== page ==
He is a tremendous source of inspiration for so many American writers after him—both poets and novelists. Whitman’s vision of how we learn and grow and how our powers of observation and perception develop has been important to me, as well. He centers that vision on the child. I always think of the lines from his poem, “There was a Child Went Forth” –
There was a child went forth every day;
And the first object he look'd upon, that object he became;
And that object became part of him for the day, or a certain part of the day, or for many years, or stretching cycles of years.
The early lilacs became part of this child,
And grass, and white and red morning-glories, and white and red clover...
Well, Whitman’s birthplace was where his own journey of discovery began – the place from which Whitman as a child “went forth.” I found it intriguing to look through the very windows he would have looked through.
Also Whitman’s embrace by poets all over the world made it possible to broach the theme of the global resonance of American literature from the very first chapter. So much of American literature starts with Whitman – and with Twain!
Q: The two landmarks you mention in the title are Walden Pond and Wounded Knee. Why did you select them to highlight, and what do you see as their respective roles in shaping American literature?
A: I would be lying if I did not acknowledge the attraction of alliteration! But beyond that, the two places conveyed some contrasts that I thought were helpful to draw attention to the scope of the book: Walden is a site known for being tremendously peaceful; Wounded Knee was horrifically violent. Walden is in New England; Wounded Knee in the Northwest. Walden is conventionally associated with American literature; Wounded Knee never is.
These contrasts made it clear that the book would embrace sites that were commonly thought of as “literary” sites as well as sites that were not, that there would be geographic reaching in the book, and a range of tones and timbres.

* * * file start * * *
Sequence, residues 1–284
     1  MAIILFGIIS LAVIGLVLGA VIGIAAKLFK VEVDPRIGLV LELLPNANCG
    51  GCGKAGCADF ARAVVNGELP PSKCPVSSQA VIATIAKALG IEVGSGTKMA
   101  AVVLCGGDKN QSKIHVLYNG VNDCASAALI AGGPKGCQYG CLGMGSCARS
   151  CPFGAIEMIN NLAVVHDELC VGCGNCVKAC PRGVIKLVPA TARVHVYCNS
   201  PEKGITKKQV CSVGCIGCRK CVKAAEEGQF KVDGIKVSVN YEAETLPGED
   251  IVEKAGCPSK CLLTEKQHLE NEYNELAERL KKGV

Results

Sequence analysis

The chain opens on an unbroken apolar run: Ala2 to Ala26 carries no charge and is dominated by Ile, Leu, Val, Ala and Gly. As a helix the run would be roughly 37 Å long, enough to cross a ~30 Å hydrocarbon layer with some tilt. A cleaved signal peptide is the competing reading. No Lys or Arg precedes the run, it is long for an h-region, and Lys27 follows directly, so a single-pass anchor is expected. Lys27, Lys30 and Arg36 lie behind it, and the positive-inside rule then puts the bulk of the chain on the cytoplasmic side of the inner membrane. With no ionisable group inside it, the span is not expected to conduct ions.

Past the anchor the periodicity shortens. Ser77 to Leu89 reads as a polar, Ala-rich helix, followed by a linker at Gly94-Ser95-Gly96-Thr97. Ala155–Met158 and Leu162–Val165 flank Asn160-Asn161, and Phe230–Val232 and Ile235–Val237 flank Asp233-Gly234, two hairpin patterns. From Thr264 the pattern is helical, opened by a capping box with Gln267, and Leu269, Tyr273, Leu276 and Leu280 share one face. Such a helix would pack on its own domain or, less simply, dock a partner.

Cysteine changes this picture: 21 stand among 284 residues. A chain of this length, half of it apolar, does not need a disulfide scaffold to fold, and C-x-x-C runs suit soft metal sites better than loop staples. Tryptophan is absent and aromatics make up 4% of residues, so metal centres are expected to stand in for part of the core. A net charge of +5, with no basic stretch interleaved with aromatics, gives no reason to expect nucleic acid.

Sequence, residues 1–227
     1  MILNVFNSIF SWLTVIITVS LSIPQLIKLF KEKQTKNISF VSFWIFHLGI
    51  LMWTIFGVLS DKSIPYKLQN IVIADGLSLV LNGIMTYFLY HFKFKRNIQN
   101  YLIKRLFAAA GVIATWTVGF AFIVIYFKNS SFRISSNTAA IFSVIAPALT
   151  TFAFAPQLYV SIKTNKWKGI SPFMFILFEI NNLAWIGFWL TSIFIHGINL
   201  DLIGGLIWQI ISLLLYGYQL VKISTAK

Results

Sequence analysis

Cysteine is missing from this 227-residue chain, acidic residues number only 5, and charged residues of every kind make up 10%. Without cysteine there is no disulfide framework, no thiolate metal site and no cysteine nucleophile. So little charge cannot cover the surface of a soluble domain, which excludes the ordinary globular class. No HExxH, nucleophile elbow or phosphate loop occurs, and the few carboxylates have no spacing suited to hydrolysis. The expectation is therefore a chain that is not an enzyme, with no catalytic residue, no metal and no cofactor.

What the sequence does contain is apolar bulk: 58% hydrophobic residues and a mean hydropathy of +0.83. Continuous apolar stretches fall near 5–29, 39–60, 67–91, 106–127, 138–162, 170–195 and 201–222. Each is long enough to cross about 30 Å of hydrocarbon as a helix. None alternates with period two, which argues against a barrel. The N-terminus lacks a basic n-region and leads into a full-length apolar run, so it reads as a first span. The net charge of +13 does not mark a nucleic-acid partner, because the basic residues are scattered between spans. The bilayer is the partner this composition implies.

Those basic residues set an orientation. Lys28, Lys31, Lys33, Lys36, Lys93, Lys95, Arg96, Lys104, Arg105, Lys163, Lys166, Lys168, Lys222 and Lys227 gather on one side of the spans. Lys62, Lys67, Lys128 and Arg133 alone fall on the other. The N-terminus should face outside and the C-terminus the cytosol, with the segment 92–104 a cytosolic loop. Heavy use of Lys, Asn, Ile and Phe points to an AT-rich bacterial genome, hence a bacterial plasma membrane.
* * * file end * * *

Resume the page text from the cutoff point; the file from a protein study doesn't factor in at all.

Q: The last chapter in the book looks at Hollywood. Why did you opt to conclude here?
A: I found it appealing to look at the many ways in which Hollywood and the movie industry for which it stands had a complex relationship with American writers and American literature since its start -- symbiotic at times, uneasy or hostile at other times, sometimes exploiting the work of American writers with their blessing, sometimes savaging their work to their disgust, and sometimes making them so angry that it prompted them to write books that were powerful and memorable responses.
Q: What are you working on now?
A: I am researching the history of the Chinese railroad workers who built the Transcontinental Railroad and the fortune with which my university was founded, and I am also examining their role in building other rail lines across the U.S. (part of my work on the Chinese Railroad Workers in North America Project at Stanford that I co-direct).
I also just completed an essay entitled “Literature and the Future of the Past” that will be published in the Chronicle of Higher Education (in The Chronicle Review).
I am about to leave for Germany to present a paper entitled “ ‘Originally of Missouri, Now of the Universe’: Mark Twain and the World” at a Transnational American Studies conference in Mainz. And I am preparing to give a talk about Writing America at the Yale Club of New York City.
Q: Anything else we should know?
A: In our current environment of rapid social and technological change, of shortened attention spans, and of the commercial exploitation of every visible surface, both American literature and American places are “endangered” -- at risk of being ignored and forgotten, unread and unseen, pulped or bull-dozed.
But paying more attention to literature and the places that shaped it can help us appreciate and value both the literature and the landscape more fully.
It’s a pleasure to share the adventure!
--Interview with Deborah Kalb